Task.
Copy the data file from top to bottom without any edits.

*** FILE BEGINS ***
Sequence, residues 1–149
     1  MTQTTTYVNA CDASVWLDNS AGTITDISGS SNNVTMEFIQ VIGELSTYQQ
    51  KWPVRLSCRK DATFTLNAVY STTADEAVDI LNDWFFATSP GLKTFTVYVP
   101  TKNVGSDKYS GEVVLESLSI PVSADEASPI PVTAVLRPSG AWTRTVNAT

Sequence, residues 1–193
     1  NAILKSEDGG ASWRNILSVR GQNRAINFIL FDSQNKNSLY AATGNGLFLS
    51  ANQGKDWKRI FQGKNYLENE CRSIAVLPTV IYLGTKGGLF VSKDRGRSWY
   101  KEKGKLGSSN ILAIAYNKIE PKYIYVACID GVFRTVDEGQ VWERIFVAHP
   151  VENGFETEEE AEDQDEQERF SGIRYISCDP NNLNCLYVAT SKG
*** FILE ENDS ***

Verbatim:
Sequence, residues 1–149
     1  MTQTTTYVNA CDASVWLDNS AGTITDISGS SNNVTMEFIQ VIGELSTYQQ
    51  KWPVRLSCRK DATFTLNAVY STTADEAVDI LNDWFFATSP GLKTFTVYVP
   101  TKNVGSDKYS GEVVLESLSI PVSADEASPI PVTAVLRPSG AWTRTVNAT

Sequence, residues 1–193
     1  NAILKSEDGG ASWRNILSVR GQNRAINFIL FDSQNKNSLY AATGNGLFLS
    51  ANQGKDWKRI FQGKNYLENE CRSIAVLPTV IYLGTKGGLF VSKDRGRSWY
   101  KEKGKLGSSN ILAIAYNKIE PKYIYVACID GVFRTVDEGQ VWERIFVAHP
   151  VENGFETEEE AEDQDEQERF SGIRYISCDP NNLNCLYVAT SKG